lightening - descent of the uterus into the pelvic cavity

Discussion in 'French-English Vocabulary / Vocabulaire Français-Anglais' started by avelic, Nov 29, 2008.

  1. avelic Member

    I have this definition for lightening in obstetrics:

    - descent of the uterus into the pelvic cavity that occurs in late pregnancy. The fetus is said to have dropped-

    In French, I found for the same consequence: racourcissement du col de l'utérus.

    in the former one, the uterus is supposed to go down into the pelvic cavity while in the second one the col uterus is supposed to have shorten.

    Is that the same process? otherwise what would be the translation of the English phrase?
  2. archijacq Senior Member

    french France
    engagement du fœtus: Début de la descente du fœtus dans le bassin maternel, à la fin de la grossesse ou au cours de l'accouchement.

    On parle d'"effacement du col"

    éviter de traduire "descente de l'utérus" (il s'agirait d'un prolapsus)
  3. xtrasystole

    xtrasystole Senior Member

    Oui, archijacq a raison, c'est le foetus qui descend en fin de grossesse ("mobile foetal"), pas l'utérus.

    Je traduirais 'lightening' par 'engagement'.
  4. avelic Member

    Trés juste.
    Dans ce cas, le terme "racourcissement du col" en Français n'est pas adéquat? (effacement me paraît physiologiquement plus approprié).

    et dernière question : on parle bien de la même chose quand on parle de enlightement en anglais (UK)?
  5. avelic Member

    pardon, je voulais dire lightening!

    je viens juste d'avoir le message de Xstrazystole qui répond à ma question précédente.

    merci à vous deux!
  6. Moon Palace

    Moon Palace Senior Member

    I don't think lightening means engagement: lightening does not apply to the foetus (engagement du foetus), but to the uterus. I would then either choose archijacq's effacement du col or suggest dilatation du col.
  7. archijacq Senior Member

    french France
    il s'agit bien d'engagement.
    En anglais aussi:
    "Engagement is when the foetus descends down into the pelvic cavity. This is also known as dropping or lightening."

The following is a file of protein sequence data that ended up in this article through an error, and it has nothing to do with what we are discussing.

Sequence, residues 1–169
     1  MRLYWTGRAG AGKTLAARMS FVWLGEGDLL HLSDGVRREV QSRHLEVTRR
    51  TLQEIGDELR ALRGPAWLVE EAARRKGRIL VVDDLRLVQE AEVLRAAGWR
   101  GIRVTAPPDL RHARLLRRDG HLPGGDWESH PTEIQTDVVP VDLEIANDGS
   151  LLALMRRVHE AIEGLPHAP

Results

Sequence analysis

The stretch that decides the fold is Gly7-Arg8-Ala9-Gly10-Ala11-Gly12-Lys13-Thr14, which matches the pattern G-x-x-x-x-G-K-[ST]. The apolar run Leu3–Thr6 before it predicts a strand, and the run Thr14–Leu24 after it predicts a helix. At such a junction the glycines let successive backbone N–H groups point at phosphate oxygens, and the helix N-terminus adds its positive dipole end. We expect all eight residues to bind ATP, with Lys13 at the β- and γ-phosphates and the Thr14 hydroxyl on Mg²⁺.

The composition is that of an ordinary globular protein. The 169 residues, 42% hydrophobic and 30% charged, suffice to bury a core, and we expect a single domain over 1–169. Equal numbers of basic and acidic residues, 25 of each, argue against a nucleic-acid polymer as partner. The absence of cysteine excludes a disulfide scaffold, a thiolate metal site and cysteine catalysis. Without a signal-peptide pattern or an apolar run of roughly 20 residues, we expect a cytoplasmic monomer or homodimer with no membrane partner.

8. Moon Palace

    Moon Palace Senior Member

    I have checked, and indeed engagement, dropping and lightening are synonymous in English. What misled me is that in French we usually talk about 'l'engagement du foetus' and about la dilatation / l'effacement du col. Of course, they refer to the same moment at the end of the pregnancy, but the viewpoint is not quite the same.
  9. avelic Member

    I don't quite agree with the equivalence of the two terms: effacement would be the shortening of the col or the cervix,while dilatation is right before and/or during the labour.

    Then engagement would refer to effacement, that can happen few weeks before delivery,while the dilatation of the col happens during the labour.
  10. Moon Palace

    Moon Palace Senior Member

    Dilatation does not always specifically occur during labour, it can occur a few weeks before labour starts, but it is true it is linked to late pregnancy, as early dilatation can be a cause of abortion.
    Effacement also exists in English.
  11. avelic Member

    For the Dilatation -if not right before the due date- the woman is supposed to rest in order not to get too dilated before the due date, while for Effacement, she can carry on her everyday activities.

    Dilatation also refers the enlarging of the cervix, after the cervix begins to efface (effacement).

    so lightening refers to effacement.

    Many thanks for your help!
  12. xtrasystole

    xtrasystole Senior Member

    In fact, 'lightening' has nothing to do with the cervix. As the name indicates, it refers to the "relieving of oppressiveness" felt by the pregnant woman in the upper abdominal region when the fetal head engages in the bony pelvis.
  13. avelic Member

    So? would you then translate it by Engagement? It would refer to the same physiological process, but I can't find anything in French that has the meaning of this feeling of relief the preggy gets once at this stage.

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